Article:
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Life or Death: The Future of America in 2024

The depth of one’s belief is truly tested when its veracity carries life-and-death consequences.

C. S. Lewis
1898 — 1963

To what extent do the American people hold steadfast to the foundational truths of their nation, to the point where such conviction becomes a matter of utmost significance?

These fundamental principles, painstakingly acquired over almost two and a half centuries, are ingrained in our collective consciousness. The first among them is “E Pluribus Unum” (Out of Many, One), a guiding motto emblazoned on The Great Seal.

The second tenet, “All Men Are Created Equal,” first articulated by Thomas Jefferson amidst an era dominated by monarchs and nobility, found its place in the Declaration of Independence and later echoed in the Gettysburg Address by Abraham Lincoln. Subsequently, these principles were enshrined in the XIII, XIV, and XV Amendments to the Constitution.

These ideals have sculpted a remarkable nation, evolving into a beacon of inclusivity and diversity—a beacon radiating remarkable strength and vitality, rooted in unwavering faith in the human spirit, free enterprise, religious liberty, the supremacy of law, and the extraordinary essence of America itself.

When we stand united, there are scarcely any challenges beyond our capacity to overcome.

However, amidst the tapestry of contemporary America, there exist individuals disenchanted and unsettled by the current state of affairs. This discontent is not novel; its roots delve deep into a grim history characterized by White Supremacy and self-proclaimed elitism, manifesting in various forms that pose a tangible threat to the very principles that define our heritage. Is there any plausible rationale for the profound divisions that fracture our society?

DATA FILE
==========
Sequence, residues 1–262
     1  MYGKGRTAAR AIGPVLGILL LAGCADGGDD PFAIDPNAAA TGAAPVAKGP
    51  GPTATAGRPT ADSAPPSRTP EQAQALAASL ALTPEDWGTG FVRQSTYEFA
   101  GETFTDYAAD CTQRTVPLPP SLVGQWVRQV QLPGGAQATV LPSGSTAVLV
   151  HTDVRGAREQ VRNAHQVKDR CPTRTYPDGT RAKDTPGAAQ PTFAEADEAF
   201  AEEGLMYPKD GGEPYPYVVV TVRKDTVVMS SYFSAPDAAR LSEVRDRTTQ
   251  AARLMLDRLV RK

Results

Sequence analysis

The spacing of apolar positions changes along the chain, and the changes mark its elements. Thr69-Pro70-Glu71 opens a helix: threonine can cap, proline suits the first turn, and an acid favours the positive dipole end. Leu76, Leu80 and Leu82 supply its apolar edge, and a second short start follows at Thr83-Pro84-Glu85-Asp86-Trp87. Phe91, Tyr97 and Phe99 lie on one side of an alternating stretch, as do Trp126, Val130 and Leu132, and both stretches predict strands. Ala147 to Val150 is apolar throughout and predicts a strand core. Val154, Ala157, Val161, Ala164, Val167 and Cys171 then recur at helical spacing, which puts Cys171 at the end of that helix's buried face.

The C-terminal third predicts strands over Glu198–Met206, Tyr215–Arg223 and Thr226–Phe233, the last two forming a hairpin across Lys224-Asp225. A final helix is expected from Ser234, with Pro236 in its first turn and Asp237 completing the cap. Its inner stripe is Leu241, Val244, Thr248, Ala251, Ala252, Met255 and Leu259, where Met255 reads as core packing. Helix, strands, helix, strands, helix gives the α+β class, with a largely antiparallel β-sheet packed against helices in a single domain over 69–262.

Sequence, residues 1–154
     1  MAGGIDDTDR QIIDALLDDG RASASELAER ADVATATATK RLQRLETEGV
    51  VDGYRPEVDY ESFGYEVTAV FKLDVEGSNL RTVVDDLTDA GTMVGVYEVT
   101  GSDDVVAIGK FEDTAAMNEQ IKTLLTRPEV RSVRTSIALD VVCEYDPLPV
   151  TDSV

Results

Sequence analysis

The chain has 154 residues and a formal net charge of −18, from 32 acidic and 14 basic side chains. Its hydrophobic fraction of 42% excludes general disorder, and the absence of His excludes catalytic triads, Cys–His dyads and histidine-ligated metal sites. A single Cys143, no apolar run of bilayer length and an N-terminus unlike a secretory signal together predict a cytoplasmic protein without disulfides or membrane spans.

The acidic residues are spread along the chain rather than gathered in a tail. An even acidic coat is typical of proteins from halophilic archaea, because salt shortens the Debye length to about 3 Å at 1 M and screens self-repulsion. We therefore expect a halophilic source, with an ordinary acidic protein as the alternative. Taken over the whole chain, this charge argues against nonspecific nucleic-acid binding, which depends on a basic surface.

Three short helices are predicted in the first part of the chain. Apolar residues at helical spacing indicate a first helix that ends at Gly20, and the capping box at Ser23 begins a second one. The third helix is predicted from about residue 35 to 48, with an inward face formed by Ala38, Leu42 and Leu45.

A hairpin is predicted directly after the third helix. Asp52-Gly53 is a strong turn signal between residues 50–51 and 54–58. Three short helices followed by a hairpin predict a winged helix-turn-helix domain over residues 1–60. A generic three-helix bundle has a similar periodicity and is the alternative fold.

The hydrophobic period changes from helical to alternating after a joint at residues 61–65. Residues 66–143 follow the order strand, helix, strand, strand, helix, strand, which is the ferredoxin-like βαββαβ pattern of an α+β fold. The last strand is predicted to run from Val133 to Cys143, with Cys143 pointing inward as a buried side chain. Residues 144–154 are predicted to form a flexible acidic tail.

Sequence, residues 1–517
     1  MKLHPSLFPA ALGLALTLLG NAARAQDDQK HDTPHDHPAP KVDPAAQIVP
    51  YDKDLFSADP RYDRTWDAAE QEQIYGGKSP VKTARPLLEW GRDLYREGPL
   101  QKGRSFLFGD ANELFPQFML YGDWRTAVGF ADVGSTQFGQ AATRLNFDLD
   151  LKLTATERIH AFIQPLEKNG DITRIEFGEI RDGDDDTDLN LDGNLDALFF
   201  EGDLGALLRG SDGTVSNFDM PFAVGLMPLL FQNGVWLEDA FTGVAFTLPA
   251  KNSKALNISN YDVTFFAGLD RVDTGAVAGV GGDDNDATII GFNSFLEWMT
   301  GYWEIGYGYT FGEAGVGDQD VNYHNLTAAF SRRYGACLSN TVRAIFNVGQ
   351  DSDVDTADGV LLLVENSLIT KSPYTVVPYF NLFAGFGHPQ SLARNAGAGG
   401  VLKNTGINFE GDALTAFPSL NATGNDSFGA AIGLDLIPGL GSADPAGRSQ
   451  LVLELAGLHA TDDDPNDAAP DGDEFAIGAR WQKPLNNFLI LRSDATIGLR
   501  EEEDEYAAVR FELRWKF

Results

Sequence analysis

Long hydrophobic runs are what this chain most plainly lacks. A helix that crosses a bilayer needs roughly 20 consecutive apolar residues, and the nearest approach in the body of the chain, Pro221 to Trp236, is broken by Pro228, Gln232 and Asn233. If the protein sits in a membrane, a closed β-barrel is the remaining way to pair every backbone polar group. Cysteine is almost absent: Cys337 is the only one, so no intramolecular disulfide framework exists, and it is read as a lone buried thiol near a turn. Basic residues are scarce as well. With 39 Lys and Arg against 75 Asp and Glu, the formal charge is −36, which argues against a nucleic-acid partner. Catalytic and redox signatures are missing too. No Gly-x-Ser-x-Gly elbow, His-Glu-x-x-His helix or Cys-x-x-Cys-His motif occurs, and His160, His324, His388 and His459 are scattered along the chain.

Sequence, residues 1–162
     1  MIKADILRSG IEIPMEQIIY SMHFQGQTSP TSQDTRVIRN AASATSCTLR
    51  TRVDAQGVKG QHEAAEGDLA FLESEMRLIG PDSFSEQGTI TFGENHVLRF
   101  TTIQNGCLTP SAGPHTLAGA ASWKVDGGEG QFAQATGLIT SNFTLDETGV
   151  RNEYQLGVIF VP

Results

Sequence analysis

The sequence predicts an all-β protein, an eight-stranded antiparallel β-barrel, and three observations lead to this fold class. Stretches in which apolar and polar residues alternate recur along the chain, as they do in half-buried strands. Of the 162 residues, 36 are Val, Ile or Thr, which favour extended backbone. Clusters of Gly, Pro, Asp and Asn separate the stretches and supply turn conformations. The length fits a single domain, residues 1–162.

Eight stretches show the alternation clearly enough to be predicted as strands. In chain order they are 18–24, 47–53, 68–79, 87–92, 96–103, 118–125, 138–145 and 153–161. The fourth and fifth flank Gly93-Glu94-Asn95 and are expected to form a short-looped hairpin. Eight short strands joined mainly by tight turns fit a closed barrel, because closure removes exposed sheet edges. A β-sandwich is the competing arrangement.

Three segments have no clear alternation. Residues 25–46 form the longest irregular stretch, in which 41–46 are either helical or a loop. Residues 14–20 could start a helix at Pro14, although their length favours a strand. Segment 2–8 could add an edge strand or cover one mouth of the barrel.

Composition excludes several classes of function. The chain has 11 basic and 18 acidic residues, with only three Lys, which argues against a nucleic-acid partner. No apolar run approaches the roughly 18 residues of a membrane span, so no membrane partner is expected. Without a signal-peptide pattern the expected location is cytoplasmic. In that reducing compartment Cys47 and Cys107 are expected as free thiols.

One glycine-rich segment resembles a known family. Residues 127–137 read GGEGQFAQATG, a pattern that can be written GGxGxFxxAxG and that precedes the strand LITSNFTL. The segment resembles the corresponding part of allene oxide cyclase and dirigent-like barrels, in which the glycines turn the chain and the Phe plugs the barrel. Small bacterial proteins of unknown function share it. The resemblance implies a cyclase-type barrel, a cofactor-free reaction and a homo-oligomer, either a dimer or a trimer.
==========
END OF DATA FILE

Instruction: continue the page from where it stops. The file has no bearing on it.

The notion of “Make America Great Again” is but a mirage steeped in apprehension and apocalyptic visions.

The Civil War marked the climax of the nation’s inception in 1776, entwined with the original sin of slavery. It serves as a precedent for the myriad events that have unfolded since that era, shaping the trajectory of the nation to the present day. These sacred truths, baptized in the bloodshed of that war, continue to resonate through the annals of history.

For nearly 160 years, the Confederate Battle Flag has served as a symbol of White Supremacy, a legacy that traces back to the emergence of the Ku Klux Klan in 1866. Today, divisive narratives revolving around race, ethnicity, religion, nationality, gender, and identity—wherever fault lines may be discerned—serve as veiled provocations for a conflict that is both commercialized and politicized, with the aim of destabilizing the core.

This toxic doctrine of supremacy contradicts the essence of unity in diversity and the principle of equality among all individuals. It stands in stark contrast to the values we cherish and revere.

Our fervent hope is that the future of America will be guided by these sacred principles, but this aspiration can only materialize if our commitment to them is unwavering, akin to a matter of life and death.

On March 4, 1861, in the face of Southern states’ secession over the issue of slavery, Abraham Lincoln endeavored to reconcile with his compatriots and preserve the Union. Although his efforts were not ultimately successful, his words echo through time as a poignant entreaty:

“We are not enemies, but friends. We must not be enemies. Though passion may have strained, it must not break our bonds of affection. The mystic chords of memory, stretching from every battlefield and patriot grave to every living heart and hearthstone all over this broad land, will yet swell the chorus of the Union, when again touched by the better angels of our nature.”

The present moment demands urgency.

It is the year 2024.